Angel Babies. Marlene’s Angel Babies Foundation accepts donations of wedding dresses that are deconstructed to become burial attire for babies who are stillborn or have died in infancy.  The foundation operates citywide; the local representative Mikki Carping, 708-906-0327.

The Blue House. The Catholic Youth Ministry Center at Morgan Park High School, 1825 W. Monterey Ave., more commonly known as The Blue House, is the only program of its kind associated with a Chicago Public High School, providing a “home away from home” where there is always someone for students to talk to. Volunteers can help by presenting Career Exploration Workshops, or facilitating interactive educational workshops on topics such as college essays and applications, money management and social media safety. Plumbers, electricians and handymen are always needed to help maintain the old house. Info: Peggy Goddard, 773-881-0193

I Am Who I Am Foundation. Teens and adults with special abilities who package, label and create artwork, and sell I am . . . bath and body products for the I Am Who I Am Foundation, receive a percentage of the sales.  The non-profit organization advocates for people with special needs. I Am . . . products are available at Murray’s Browse and Brew, 3545 W. 99th St., and www.iam-whoiam.com.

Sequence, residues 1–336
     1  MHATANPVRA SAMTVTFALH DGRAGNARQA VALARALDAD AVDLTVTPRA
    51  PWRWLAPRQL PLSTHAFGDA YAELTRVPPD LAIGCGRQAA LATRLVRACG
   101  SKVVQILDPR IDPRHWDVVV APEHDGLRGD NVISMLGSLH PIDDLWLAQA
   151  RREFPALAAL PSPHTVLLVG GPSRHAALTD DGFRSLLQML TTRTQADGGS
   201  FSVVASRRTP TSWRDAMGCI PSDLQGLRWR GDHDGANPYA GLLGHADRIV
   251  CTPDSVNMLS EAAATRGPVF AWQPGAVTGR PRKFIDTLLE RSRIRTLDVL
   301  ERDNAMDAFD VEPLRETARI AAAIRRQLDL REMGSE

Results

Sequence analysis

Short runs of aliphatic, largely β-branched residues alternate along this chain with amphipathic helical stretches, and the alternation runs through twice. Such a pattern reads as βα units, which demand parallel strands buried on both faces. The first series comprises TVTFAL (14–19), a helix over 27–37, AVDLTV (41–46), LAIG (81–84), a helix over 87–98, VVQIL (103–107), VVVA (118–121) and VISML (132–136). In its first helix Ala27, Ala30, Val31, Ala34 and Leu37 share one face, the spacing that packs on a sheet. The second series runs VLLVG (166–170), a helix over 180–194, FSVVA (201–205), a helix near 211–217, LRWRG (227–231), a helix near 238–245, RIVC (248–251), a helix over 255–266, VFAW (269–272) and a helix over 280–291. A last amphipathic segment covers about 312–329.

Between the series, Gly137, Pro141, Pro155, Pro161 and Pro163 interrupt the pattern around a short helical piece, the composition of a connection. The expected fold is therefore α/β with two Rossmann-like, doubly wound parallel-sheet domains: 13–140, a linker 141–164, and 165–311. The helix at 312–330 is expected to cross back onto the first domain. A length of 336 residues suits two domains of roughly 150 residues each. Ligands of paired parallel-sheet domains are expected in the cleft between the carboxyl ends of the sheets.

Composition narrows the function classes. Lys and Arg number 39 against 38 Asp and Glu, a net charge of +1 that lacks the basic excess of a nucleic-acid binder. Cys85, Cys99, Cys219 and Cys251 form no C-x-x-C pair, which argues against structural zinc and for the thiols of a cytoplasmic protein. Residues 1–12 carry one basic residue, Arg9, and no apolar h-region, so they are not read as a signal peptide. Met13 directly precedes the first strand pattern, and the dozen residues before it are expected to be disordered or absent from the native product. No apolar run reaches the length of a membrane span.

Morgan Park Junior Woman’s Club. Women who care deeply about being of service are invited to learn more about joining the Morgan Park Junior Woman’s Club. The Juniors provide a variety of service and fund raising project throughout the year. On Dec. 8, Club members will provide a luncheon for Department of Veterans’ Affairs Vet Center at 87th and Kedzie.   On Dec. 16, the club is participating in Wreaths Across America, a nationwide initiative to, on the same day at the same time, lay wreaths on at the graves of fallen soldiers in military cemeteries.  They will lay wreaths at Abraham Lincoln Cemetery.  This month the club will visit the Family Rescue Woman’s Shelter on the East side to present Holiday Gift Bags; collecting treats and paperbacks to send overseas to military troops; and organizing the Work Out to Wipe Out Domestic Violence event that will be held ton Mar. 24 to benefit A New Direction Beverly Morgan Park. Info: Cynthia Heywood, cahg927@yahoo.com.